When Wills Are Contested – Who Wins and Loses Part II

My last post described the scary things that happen when families contest wills. Stephen was thinking of contesting his uncle’s last will. Here is a letter that I might write to sort out Stephen’s immediate concerns.

 Dear Stephen,

 “You asked me to explain if you can contest your uncle’s last will.  Since you have a financial interest in your uncle’s estate and are named in it, you have certain legal rights.

 You can ask a court to confirm the will is valid. This does not give you a free ticket to object, as you can be responsible for all the court costs involved in the dispute. In other words, you could pay both your lawyer and the other’s side’s lawyer.

 Your Uncles Legal Obligations 

 You explained that your uncle promised to divide his estate equally between you and your sister. This verbal statement, however, is not a legally-binding contract or legal obligation he had towards you.

 In some cases, a court may enforce a promise if you relied on it to your detriment. For example, a court may honour a promise if you spent money rebuilding your uncle’s boat because he said he would give it to you in his will.

 Freedom to Change a Will

You told me that your uncle had no legal obligations towards you. Therefore, he was free to do whatever he wished with his estate and change his will. This assumes that he had the legal capacity to make a will. If he did not, a court could investigate and declare his last will invalid.

 What are the Issues in a Will Contest?

 If your uncle’s will complies with the legal formalities – he and two other witnesses signed it – the law presumes it is valid. A court will accept it for probate purposes unless you have legal grounds to challenge it.

 Will challenges usually involve a court assessing your uncle’s legal competence at the time he signed his will. Capacity to make a will is a legal standard that judges use.

 The legal test of your uncle’s ability to make a will – also called testamentary capacity – goes back to a court decision from the 1800s. To make a will, your uncle must know these four things:

           1.       he was making a will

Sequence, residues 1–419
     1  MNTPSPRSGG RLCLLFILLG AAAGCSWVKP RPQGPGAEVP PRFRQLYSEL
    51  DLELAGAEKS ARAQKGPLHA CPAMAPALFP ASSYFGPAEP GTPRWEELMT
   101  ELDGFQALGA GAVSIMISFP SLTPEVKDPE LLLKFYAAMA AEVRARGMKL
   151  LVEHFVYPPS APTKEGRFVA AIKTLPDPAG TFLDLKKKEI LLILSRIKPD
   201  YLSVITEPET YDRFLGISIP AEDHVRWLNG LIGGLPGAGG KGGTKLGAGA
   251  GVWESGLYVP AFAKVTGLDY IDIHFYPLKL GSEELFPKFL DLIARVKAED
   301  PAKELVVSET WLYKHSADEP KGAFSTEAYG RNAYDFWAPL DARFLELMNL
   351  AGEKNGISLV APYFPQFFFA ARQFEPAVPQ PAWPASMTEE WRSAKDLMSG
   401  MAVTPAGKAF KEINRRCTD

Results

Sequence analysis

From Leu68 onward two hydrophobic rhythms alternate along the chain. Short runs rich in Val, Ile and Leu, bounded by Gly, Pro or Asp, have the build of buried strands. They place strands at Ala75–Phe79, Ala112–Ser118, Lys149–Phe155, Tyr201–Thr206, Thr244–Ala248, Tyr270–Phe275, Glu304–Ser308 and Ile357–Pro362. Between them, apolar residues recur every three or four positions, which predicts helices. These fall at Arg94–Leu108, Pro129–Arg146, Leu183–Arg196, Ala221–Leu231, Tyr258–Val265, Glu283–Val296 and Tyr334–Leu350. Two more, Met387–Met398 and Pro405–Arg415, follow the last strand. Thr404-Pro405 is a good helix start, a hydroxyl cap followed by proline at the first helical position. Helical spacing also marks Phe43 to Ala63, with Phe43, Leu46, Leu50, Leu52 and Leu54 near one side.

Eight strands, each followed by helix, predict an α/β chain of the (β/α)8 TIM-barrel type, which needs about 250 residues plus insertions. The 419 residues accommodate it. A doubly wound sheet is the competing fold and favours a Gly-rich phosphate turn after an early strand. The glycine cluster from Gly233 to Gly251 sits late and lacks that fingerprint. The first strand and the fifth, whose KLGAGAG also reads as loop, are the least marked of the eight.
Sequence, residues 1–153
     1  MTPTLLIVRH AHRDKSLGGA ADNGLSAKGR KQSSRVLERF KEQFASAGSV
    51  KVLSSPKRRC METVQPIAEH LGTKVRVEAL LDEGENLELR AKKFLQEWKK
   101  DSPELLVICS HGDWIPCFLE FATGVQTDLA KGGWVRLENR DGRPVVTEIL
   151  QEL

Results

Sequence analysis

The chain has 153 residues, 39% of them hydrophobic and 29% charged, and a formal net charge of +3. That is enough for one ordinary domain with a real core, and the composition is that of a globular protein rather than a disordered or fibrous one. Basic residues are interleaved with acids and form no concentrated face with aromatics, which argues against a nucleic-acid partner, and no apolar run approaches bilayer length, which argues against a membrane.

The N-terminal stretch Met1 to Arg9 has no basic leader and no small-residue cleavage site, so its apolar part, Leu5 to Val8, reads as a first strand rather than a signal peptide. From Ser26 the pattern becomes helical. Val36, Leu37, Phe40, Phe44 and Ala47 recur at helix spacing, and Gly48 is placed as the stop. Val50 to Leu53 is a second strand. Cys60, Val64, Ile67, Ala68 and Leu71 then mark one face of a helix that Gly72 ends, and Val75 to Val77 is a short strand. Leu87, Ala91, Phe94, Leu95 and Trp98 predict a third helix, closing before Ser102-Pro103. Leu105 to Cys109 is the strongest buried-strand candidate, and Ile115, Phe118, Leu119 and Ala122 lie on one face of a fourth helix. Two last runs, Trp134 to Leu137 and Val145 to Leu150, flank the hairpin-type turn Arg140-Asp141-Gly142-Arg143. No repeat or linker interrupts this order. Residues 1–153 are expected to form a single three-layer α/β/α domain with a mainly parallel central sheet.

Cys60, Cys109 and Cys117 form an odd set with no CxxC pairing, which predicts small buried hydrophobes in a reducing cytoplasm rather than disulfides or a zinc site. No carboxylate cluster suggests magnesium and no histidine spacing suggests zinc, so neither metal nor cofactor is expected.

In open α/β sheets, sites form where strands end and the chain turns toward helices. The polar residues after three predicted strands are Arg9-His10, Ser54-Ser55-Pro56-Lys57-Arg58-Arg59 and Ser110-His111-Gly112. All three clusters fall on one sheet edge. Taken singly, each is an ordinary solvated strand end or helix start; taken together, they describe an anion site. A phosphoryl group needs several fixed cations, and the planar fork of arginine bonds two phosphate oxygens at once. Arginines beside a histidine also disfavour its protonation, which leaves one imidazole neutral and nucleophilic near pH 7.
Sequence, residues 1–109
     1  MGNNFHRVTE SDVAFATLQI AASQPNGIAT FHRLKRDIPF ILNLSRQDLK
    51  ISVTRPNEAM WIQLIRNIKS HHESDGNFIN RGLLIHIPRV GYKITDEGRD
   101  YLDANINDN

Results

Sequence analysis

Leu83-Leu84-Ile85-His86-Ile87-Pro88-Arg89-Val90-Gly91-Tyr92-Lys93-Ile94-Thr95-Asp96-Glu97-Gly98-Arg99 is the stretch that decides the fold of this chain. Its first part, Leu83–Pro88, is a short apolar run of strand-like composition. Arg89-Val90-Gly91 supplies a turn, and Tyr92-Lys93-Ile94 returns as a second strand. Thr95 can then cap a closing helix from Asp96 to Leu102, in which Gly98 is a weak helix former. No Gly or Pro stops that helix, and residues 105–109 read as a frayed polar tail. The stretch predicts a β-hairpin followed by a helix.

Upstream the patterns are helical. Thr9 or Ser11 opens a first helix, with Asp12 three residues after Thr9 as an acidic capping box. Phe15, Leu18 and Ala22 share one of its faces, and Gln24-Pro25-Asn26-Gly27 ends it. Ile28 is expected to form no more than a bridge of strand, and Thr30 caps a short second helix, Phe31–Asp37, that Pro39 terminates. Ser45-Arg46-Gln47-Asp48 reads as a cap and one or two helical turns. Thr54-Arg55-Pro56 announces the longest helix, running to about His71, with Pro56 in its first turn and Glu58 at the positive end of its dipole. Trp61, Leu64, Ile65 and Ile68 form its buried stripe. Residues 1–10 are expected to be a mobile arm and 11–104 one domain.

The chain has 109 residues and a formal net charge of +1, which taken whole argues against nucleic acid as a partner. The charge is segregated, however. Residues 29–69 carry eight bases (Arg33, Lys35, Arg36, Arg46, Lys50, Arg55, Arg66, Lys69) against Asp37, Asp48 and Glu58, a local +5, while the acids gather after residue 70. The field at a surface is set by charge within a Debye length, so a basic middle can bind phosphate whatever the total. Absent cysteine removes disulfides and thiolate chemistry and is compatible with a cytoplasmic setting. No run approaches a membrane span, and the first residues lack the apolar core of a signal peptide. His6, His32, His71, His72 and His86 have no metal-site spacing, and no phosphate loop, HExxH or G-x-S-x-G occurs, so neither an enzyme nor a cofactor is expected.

2.       the extent of his assets

          3.       who would naturally receive his assets (i.e. family)

          4.       how he was dividing his assets

 Suspicious Circumstances

 Your uncle had several strokes and was vulnerable. Your sister may have unduly influenced your uncle to cut you out of the estate. These are circumstances that you may wish to investigate further.

 You described a number of suspicious circumstances surrounding the preparation of your uncle’s will. These suggest your uncle, just before he died, made last minute changes at the request of your sister. You claim he was forgetful and confused because of his illness.

 Lawyers Notes

  • The lawyer should have prepared a file for your uncle’s will.
  • The lawyer’s file should have notes about your uncle’s last wishes.
  • A judge can review these notes to understand what happened and why.

If your sister was present, the court can require your sister to show she did not unduly influence your uncle.

 Financial Abuse by Attorney

 You believe your sister used a power of attorney for your uncle to improperly deplete the bank account you were to inherit. You can ask a court to review transactions made by your sister and request a formal accounting. A court could order your sister to explain how she handled your uncle’s money.

What do you do next?

 You should investigate your uncle’s reasons for making changes to his will. Your investigation may require a review of his lawyer’s file and medical records. Usually, these are available only if a judge makes a court order.

 You must also speak with witnesses who observed your uncle at the time he signed the will.

 We can discuss your options when we meet. I can give you my honest assessment and explain the costs of proceeding if you wish to challenge the will.”


Edward Olkovich

 Wills are legal documents. Courts only find wills valid when they meet certain legal standards. Knowing these legal standards can help you avoid problems in your own estate planning.

In the next post, I will tell you what a lawyer told Stephen’s sister.

See my related blog post, free guide and ebook

About Ed

Edward Olkovich (BA, LLB, TEP, C.S.) is a nationally recognized author and estate expert. He is a Toronto estate lawyer and Certified Specialist in Estates and Trusts. Edward has practiced law since 1978 and has authored seven books. Visit his website, mrwills.com, for more free valuable information.

© Edward Olkovich 2012